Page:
John Robert Clifford is well noted for publishing the leading African-American newspaper of its era. He was also the first black attorney admitted to the West Virginia state bar. Clifford also won a trailblazing victory in Williams v. Board of Education that found discriminatory practices in public education illegal.
In 1848, Clifford was born in Williamsport, Virginia, to a family of free Blacks who had inhabited the area for generations. Because the school system was segregated and there were no black schools in the region, he was sent to Chicago to study in the early 1860s. At age 15, Clifford enlisted with the United States Colored Troops and served in the Civil War from 1864 to 1865 with the 13th U.S. Heavy Artillery.
Clifford established The Pioneer Press, a weekly newspaper that had a national and predominantly African American readership. He published the paper until 1917, when the federal government forced him to shut it down because of his criticisms of U.S. policy in World War I.
In Martin v. Board of Education, Clifford took the first legal challenge of public school segregation to the Supreme Court of Appeals to West Virginia. The Martins were the only Blacks in a white region of the state that offered no separate school for black children. Thomas Martin insisted on his children’s right to an education and petitioned to have them attend the local whites-only school.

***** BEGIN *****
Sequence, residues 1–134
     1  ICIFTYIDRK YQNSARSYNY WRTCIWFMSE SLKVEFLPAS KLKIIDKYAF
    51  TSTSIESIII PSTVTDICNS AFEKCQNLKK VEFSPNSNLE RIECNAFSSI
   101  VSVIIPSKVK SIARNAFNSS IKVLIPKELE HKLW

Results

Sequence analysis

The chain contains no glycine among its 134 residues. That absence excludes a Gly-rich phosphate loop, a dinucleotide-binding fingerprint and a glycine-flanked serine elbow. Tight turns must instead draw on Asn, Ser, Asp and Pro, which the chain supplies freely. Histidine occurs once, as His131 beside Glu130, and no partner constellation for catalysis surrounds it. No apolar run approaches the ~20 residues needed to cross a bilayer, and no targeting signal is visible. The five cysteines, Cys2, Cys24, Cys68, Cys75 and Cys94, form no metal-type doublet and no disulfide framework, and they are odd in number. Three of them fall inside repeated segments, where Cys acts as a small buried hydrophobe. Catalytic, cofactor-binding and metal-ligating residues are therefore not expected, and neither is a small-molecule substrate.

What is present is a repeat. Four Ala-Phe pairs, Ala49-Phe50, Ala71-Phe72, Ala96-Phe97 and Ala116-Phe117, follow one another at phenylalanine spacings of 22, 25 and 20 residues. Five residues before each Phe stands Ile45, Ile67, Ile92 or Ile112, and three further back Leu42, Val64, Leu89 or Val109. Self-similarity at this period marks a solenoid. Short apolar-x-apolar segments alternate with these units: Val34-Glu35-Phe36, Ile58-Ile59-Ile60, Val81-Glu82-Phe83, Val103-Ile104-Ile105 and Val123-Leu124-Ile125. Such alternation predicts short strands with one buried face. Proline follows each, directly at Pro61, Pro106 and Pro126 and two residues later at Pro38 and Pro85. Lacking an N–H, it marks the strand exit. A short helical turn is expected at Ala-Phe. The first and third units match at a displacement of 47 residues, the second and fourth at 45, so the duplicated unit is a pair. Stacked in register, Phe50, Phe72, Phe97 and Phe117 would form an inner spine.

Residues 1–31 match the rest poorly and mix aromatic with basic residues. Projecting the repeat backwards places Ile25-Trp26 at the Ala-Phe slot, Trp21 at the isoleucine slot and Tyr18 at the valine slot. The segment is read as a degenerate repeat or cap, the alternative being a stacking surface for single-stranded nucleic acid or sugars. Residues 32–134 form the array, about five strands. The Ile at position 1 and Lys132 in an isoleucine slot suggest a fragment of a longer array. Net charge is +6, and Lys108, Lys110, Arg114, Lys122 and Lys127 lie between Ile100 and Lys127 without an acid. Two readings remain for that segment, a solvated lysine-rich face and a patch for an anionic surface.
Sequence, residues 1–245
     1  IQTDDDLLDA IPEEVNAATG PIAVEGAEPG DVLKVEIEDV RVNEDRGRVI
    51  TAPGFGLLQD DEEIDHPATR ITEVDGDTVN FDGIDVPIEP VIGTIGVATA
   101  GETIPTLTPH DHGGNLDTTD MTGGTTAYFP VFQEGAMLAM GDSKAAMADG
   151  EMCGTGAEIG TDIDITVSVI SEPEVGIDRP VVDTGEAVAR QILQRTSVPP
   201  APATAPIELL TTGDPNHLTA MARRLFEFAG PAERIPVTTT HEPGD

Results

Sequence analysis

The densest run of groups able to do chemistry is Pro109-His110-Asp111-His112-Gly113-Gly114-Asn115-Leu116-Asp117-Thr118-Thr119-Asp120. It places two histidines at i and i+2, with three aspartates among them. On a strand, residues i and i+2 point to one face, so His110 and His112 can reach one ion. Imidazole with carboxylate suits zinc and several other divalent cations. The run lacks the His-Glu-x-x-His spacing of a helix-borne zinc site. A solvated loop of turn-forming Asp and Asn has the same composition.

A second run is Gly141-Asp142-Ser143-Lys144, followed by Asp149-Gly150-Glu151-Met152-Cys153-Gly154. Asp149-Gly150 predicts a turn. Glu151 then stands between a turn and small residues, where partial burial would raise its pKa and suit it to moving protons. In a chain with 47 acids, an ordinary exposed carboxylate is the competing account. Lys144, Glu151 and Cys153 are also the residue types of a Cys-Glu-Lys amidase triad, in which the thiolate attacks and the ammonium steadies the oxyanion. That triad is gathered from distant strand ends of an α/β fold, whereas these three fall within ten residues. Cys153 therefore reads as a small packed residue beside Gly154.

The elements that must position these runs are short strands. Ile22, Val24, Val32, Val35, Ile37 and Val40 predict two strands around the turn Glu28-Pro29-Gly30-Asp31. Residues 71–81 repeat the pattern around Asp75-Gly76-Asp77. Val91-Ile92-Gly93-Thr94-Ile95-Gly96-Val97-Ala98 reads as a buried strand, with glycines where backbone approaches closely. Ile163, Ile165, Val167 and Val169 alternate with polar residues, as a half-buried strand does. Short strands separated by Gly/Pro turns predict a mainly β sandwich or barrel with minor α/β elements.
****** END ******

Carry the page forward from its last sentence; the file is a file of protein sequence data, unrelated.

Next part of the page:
The court, however, ruled in 1896 that the children were not permitted to attend the white school, the consequences for their education notwithstanding. The state’s segregated schools policy endured until the U.S. Supreme Court decision in Brown v. Board of Education of Topeka, Kansas in 1954, which held that separate black schools were inherently unequal and, therefore, unconstitutional.
Clifford practiced law for 45 years, becoming active in politics at both the state and national level. He was the first Vice-President of the American Negro Academy, and served as President of the National Independent League. John Robert Clifford passed away at the age of 85 in 1933.